Libby A. Smith is a two-time winner of the Little Rock
Free Press' Literary Contest. Besides writing, she is
also a movie and stage actor in the Little Rock area,
including three appearances with The Weekend Theater and
La Petite Roche productions of "The Rocky Horror Show."
Other stories have appeared in
Caliber Comic's "Negative Burn" and "Dominique: Protect
and Serve," Hanthercraft Publications' "Tandra" and "Dragonroc"
universe comics and website, and Shanda Fantasy Art's
She also adapted The Rainbow
Bridge story to poetry form for counted cross stitch
designer Sue Hillis' design "The Story of the Rainbow
This story was
written for a 'challenge' amongst a group of writers who
wanted to surprise Kelly Rowland with 'were' stories.
Although a small werebird seems innocent enough, fans of
Alfred Hitchcock will know to be wary of the concept!
-- Libby Smith
Horror meets satire in Libby Smith's Canary Breath.
Libby A. Smith
Horace C. Pumpernickel loved to sing, and people, at
least adults, loved to hear him sing. Some said he sang
like a canary, a very ironic thing to say considering
Horace’s deep, dark secret.
The other children made fun of Horace, calling him “Mr.
Sing-Song-Sing-A-Long-Canary-Breath.” This made him
very upset. Sometimes he’d even run home crying to his
mother’s arms. “Never mind them,” his Mommy would
reassure him, pointing up to a calendar with each passed
day marked off with a big red X. “It won’t be long
until they get their just reward due to your deep, dark
Horace was a little boy back before home computers.
Video gaming was far in the future. Way back in the
1970s, even television was boring because there were no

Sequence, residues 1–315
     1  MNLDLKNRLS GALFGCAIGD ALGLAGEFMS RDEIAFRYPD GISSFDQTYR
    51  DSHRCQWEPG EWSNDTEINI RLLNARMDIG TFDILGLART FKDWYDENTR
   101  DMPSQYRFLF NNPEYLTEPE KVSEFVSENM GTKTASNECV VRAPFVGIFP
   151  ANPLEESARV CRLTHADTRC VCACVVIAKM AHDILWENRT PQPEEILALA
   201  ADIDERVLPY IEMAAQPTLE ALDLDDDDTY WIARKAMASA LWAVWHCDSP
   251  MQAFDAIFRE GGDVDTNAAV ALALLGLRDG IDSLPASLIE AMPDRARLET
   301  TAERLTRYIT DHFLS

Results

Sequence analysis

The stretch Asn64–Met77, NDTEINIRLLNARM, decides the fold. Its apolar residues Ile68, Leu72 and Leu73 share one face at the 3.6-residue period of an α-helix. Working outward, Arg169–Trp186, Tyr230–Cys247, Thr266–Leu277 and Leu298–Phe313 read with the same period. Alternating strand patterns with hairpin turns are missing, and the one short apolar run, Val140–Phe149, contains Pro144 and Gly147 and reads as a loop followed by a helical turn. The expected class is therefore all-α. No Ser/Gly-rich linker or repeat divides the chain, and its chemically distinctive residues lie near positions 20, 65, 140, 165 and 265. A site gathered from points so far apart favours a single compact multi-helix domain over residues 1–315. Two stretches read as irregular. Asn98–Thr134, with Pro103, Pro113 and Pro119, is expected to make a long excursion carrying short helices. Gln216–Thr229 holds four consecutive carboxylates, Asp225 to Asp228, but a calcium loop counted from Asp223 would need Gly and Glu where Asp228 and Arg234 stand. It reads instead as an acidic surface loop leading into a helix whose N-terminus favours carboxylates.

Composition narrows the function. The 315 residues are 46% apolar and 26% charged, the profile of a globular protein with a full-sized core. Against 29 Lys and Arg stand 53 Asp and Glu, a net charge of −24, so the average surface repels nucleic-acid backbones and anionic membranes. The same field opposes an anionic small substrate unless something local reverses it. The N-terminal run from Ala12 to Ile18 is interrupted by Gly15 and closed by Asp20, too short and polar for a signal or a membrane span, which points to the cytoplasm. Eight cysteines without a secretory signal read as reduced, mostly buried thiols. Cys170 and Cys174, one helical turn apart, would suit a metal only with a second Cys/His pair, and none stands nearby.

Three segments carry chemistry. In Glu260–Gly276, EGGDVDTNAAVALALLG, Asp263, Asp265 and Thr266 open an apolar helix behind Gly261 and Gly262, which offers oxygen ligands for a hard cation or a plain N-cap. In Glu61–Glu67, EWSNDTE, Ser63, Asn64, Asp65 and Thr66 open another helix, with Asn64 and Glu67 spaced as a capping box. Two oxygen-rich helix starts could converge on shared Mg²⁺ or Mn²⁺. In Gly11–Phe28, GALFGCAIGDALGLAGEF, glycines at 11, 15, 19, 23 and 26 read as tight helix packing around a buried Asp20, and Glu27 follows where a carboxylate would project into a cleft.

DVDs players and few people had VHS players, satellite
television, streaming services, or even cable. Out of
boredom, children back then went outside to play, where
they risked getting skinned knees, bug bites, and heat
stroke. Parents hadn’t realized yet how dangerous it
was to make their children go outside.
“Go outside and play,” Mommy said one day. “Go over to
the park. You can even stay outside after dark because
the sky is completely clear and the moon totally full.”
She winked at him. “Just as it gets dark, sing your
little friends a song. They will learn not to tease.”
So Horace ran down to the park where children were
swinging, going down the slide, and playing on a
merry-go-round. This was before parents knew these
activities might cause broken bones. Just as the sky
darkened enough for the streetlights to come on, Horace
jumped on a picnic table and started to sing.
The children gathered around. Within a few minutes, one
boy started the taunt and others joined in. “Mr.
This time Horace didn’t get upset. This time Horace
didn’t cry. This time Horace just kept singing. As the
light of the moon enveloped him, a transformation
occurred. Being too young to have studied the
Conservation of Mass Theory, he began to shrink. His
clothing fell around him, which could have been
embarrassing if he wasn’t already becoming covered with
girl screamed, “Horace is a werecanary! Run!” The
children’s parents may not have known much about outdoor
safety, but they had warned their children time and time
again about werecanaries. Many had seen them in person
the previous decade, especially at a place called
Horace continued singing, this time really like a
canary, as he attacked. He scratched their cheeks (both
facial and butt in the case of the girls wearing short
dresses), he pecked their eye balls, he even pooped on
Horace sang with joy because the children were getting a
just reward and a taste of his deep, dark secret. He
attacked again and again, so wrapped up in his revenge
that he didn’t notice the neighbor’s tomcat leaping into
the air as only a cat could do.
“Look!” a little androgynous tyke screamed with glee.
“Kitty Kitty has Horace! Yuck! I bet the poor kitty
gets a tummy ache, hairballs even.”
All the children stopped in their tracks, wiping blood
and bird poop from their heads and faces with the back
of their hands. They all grinned in unison…
like the cat who ate the werecanary.